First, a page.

Based on a true story, Spielberg’s new movie is powerful, gritty and political.
Set during the Cold War, it follows insurance lawyer James Donovan (Tom Hanks) as he’s offered a case unlike any other: defending a convicted Russian spy, Rudolf Abel (Mark Rylance). At first reluctant, Donovan accepts the case as the CIA starts to bear down on him and finds himself playing Devil’s advocate as he tries to defend his client against the entire country.
A family man, a man of values, Donovan believes that the only thing that matters is that Abel has not divulged any secrets, and so could potentially prove useful in a future prisoner exchange instead of being given the death penalty. He’s soon proven right as U2 pilot Francis Powers (Austin Stowell) is shot down over USSR air space and sentenced to life in prison, constantly questioned.
Simultaneously, as the Russians start building the wall in Berlin, an American student, Frederic Pryor (Will Rogers), is trying to get his girlfriend and her father to the West. Unfortunately he ends up stuck in the East and finds himself detained by the STASI.
Back in New York, Donovan receives a strange message that signals the beginning of intense negotiations. The CIA suddenly realise that they might need Donovan again, and ask him to handle the situation with the Russians in Berlin. Once there, he’s told specifically to only trade Abel for Powers, and to forget about Pryor. As Donovan enters the GDR and meets supposed lawyer Wolfgang Vogel (Sebastian Koch) and USSR man Ivan Schischkin (Mikhail Gorevoy), he realises he must work alone to exchange both Americans for one Russian.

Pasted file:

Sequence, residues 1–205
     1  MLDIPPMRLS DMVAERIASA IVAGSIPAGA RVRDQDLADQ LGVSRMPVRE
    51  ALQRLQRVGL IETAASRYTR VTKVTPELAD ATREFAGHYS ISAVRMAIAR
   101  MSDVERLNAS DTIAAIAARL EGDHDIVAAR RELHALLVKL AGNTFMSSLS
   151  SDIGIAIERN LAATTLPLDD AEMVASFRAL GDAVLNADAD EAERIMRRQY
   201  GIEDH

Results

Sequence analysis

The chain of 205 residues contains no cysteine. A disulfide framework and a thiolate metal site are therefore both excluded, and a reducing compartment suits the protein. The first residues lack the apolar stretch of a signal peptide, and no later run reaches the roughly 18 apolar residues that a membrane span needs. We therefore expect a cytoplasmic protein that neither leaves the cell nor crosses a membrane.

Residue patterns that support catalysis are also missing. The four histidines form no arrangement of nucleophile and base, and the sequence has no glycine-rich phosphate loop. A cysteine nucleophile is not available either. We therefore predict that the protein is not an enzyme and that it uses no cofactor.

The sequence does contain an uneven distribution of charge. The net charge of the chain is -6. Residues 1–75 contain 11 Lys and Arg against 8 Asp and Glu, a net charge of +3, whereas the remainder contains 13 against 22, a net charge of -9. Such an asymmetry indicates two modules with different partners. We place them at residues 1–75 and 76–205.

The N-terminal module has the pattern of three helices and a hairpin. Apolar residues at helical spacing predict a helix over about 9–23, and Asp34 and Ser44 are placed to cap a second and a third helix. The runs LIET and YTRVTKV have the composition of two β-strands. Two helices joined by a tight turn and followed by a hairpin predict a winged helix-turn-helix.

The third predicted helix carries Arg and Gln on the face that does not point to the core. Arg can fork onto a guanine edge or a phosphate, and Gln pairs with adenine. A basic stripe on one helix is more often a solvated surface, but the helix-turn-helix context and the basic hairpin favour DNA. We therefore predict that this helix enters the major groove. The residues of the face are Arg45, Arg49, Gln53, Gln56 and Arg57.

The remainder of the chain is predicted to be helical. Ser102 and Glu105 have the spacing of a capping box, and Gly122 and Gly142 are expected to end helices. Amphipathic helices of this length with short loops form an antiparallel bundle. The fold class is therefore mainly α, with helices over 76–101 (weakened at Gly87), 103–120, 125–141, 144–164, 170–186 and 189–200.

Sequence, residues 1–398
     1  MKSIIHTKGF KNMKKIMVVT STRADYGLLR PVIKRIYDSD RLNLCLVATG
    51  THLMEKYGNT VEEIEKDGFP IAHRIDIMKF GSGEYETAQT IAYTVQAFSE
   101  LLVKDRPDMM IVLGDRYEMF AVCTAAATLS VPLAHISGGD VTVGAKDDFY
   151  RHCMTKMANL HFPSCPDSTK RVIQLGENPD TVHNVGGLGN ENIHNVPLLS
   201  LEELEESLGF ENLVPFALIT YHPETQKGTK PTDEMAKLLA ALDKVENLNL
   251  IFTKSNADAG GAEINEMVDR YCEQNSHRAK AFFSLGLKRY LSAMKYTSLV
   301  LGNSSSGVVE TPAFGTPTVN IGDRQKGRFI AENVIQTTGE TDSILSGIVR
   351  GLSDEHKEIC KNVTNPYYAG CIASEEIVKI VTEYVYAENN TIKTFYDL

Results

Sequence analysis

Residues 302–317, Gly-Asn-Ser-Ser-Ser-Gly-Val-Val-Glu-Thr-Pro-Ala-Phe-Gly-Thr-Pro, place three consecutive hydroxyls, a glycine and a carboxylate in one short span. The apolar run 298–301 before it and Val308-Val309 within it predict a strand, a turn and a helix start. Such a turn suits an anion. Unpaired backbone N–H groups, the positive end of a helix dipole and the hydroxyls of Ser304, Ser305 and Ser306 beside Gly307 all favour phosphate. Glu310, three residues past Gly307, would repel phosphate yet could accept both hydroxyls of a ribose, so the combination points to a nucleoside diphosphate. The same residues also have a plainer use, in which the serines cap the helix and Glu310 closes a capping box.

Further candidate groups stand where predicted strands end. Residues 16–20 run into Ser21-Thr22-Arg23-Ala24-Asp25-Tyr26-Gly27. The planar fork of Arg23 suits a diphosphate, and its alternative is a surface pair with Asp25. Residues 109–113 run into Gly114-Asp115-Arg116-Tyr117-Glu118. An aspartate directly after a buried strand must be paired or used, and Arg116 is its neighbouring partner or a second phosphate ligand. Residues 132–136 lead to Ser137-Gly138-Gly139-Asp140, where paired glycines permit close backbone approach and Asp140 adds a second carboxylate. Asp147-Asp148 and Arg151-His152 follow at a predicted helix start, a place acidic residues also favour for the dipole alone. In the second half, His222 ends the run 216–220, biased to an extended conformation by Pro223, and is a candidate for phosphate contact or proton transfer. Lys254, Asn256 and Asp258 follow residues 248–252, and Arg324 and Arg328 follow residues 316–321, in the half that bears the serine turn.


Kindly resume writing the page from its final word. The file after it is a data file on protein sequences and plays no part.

As Tom Hanks himself put it during an interview with Graham Norton, “if you like movies about intense conversations, this one’s for you”. A big part of the movie is indeed spent watching guys talk, but it’s this back and forth, the political dialogue and hidden messages which make the plot move forward.
Hanks is excellent (as usual) and I’m delighted to say that Spielberg went out of his way to get a cast that’s actually American, Russian and German. Famous actors from all three countries converge in one swell swoop and give the movie an edge that many others have lost due to bad casting.
The scenes in Berlin also found resonance in me as I’d just been there a few months ago and could suddenly place all the streets, recognise the U-bahn stops and visualise the physical wall separating a street in two, now only visible as a long line through the entire city.
Bridge Of Spies is a masterpiece and should be enjoyed and discussed by everyone.
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